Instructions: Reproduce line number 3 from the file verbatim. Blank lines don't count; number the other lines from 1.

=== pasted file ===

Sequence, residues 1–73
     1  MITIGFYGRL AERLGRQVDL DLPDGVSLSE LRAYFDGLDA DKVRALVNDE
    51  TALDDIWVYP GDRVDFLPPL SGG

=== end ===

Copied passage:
    51  TALDDIWVYP GDRVDFLPPL SGG